- As you start allocating money to different accounts, many businesses will find that the amount of money available for Operating Expenses is 60%, 50%, 40% or even less of the total Income Deposits that is available.
- The entrepreneur, in this circumstance, will feel extreme pressure to reduce costs and expenses (this Is what you want to do), but feel that it may be best to "borrow" from the Profit, Tax or Owner's Pay account... in other words, to skip eating the vegetables.
- When there Isn't enough money in your Operating Expenses Account to cover your bills, you may NOT "borrow" from your other accounts. Instead, this is your business telling you (better said, screaming at you) that you cannot afford your expenses. You must become more Innovative. You must cut costs and find ways to get the sames things done at less cost. And you must extract all the value out of your expenses
3. REMOVE TEMPTATION
- The quick (and tasty) fix to not having enough money to pay expenses it to take the money from our tax account, profit account or owner's pay account. If the money in these accounts remains at the same bank as where you have your Operating Expenses, it is too tempting and easy to transfer the money.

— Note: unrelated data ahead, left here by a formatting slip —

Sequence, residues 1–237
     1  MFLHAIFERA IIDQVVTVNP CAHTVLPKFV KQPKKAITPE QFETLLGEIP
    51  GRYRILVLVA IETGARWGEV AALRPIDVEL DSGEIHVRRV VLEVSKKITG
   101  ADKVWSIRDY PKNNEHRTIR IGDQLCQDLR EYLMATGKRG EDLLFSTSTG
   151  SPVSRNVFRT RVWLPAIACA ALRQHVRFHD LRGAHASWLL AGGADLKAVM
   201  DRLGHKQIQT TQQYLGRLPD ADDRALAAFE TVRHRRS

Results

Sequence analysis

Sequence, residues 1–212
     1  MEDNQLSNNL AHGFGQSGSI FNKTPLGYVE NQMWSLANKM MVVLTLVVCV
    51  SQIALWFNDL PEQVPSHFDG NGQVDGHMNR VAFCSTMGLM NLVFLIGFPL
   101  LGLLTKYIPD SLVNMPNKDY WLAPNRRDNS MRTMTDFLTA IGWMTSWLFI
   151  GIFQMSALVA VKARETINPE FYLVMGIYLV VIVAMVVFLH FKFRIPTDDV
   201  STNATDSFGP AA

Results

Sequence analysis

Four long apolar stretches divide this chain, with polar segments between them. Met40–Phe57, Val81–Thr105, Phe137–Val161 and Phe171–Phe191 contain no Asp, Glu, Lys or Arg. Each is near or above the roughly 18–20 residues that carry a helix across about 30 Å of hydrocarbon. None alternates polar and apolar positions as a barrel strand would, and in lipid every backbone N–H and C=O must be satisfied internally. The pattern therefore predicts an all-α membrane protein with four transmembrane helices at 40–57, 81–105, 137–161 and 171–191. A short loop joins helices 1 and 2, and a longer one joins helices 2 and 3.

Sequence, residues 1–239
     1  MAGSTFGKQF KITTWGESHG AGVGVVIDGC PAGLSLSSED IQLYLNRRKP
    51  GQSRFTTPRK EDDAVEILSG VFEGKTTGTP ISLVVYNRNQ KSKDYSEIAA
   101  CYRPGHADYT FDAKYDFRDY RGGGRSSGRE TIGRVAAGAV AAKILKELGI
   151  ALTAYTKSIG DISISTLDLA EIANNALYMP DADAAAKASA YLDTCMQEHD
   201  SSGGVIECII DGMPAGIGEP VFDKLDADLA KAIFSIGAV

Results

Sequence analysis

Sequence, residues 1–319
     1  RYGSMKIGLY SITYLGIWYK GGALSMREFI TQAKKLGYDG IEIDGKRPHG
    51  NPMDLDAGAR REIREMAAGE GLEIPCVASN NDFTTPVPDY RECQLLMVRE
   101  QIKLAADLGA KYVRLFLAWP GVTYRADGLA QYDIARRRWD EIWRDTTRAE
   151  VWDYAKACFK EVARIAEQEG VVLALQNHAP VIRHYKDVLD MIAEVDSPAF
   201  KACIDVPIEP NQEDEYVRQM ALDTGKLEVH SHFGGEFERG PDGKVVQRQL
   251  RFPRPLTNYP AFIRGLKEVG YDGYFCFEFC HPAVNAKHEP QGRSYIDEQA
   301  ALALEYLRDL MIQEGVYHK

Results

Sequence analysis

- Setup a Profit Account, Tax Account (and even the Owner's Pay account if you find yourself "borrowing" from the account to pay expenses) at a second bank. Then when you do your percentage allocations from the Income Account, and move the money Into these "small plate" accounts, next transfer all the funds from the Profit Account and Tax Account to accumulate at the second bank. Take steps to make sure that you don't have easy/convenient access to the second bank ... you just want to accumulate the Profit and Tax money here and then disburse it on a quarterly basis (explained in the Eating Frequency section).
- Destroy your credit cards, which is another massive source of temptation and replace them with debit cards.
4. ESTABLISH AN EATING FREQUENCY
- Most business owners manage their money to frequently (they pay bills and themselves sporadically, whenever they feel they have enough money) or too infrequently (they wait until they are in a panic and need money, or a vendor has started collections). Instead you need to get into a 10/25 Rhythm